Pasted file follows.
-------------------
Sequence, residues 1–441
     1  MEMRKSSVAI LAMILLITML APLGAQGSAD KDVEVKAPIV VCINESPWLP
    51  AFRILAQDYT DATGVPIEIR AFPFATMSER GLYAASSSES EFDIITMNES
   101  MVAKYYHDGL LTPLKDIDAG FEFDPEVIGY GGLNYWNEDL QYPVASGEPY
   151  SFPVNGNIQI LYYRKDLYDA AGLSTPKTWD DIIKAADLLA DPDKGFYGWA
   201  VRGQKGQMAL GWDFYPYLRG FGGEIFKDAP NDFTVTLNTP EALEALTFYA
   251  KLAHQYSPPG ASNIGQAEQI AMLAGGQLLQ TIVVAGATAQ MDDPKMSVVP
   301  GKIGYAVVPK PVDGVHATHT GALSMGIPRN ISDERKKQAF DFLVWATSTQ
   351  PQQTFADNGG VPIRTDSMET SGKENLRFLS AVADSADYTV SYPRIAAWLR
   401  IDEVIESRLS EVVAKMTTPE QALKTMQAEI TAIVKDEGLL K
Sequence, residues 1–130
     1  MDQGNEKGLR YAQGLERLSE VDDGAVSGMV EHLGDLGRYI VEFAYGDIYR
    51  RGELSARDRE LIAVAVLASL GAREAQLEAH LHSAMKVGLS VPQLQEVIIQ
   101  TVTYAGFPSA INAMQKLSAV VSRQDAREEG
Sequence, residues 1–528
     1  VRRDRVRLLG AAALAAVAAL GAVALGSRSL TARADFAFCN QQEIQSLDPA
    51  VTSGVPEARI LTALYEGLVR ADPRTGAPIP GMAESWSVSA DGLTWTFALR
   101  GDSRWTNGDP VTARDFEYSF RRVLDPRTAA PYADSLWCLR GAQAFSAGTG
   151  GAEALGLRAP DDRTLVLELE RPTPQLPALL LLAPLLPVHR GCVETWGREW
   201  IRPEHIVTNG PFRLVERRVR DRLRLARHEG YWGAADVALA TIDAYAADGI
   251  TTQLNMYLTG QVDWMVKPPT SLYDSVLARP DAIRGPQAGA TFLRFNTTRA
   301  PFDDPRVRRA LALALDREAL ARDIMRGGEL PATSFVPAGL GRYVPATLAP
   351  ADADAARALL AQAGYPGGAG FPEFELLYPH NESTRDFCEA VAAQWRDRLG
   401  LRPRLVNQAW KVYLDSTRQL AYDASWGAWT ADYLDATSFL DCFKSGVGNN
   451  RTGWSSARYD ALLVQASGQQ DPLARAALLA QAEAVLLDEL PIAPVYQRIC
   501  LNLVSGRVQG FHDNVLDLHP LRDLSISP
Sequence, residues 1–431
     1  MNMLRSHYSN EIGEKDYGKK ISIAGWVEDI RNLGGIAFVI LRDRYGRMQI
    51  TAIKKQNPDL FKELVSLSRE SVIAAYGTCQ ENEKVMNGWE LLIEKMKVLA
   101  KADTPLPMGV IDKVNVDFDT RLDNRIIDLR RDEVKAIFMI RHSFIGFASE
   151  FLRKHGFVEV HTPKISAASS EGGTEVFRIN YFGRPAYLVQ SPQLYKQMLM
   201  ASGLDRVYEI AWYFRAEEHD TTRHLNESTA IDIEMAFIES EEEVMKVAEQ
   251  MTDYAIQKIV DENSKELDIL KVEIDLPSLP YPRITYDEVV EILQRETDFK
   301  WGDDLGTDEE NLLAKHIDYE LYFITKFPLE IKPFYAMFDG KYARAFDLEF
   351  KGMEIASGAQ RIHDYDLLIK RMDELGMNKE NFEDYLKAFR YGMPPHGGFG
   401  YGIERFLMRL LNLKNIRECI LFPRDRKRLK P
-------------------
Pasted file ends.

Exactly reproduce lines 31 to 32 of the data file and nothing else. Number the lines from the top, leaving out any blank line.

   151  FLRKHGFVEV HTPKISAASS EGGTEVFRIN YFGRPAYLVQ SPQLYKQMLM
   201  ASGLDRVYEI AWYFRAEEHD TTRHLNESTA IDIEMAFIES EEEVMKVAEQ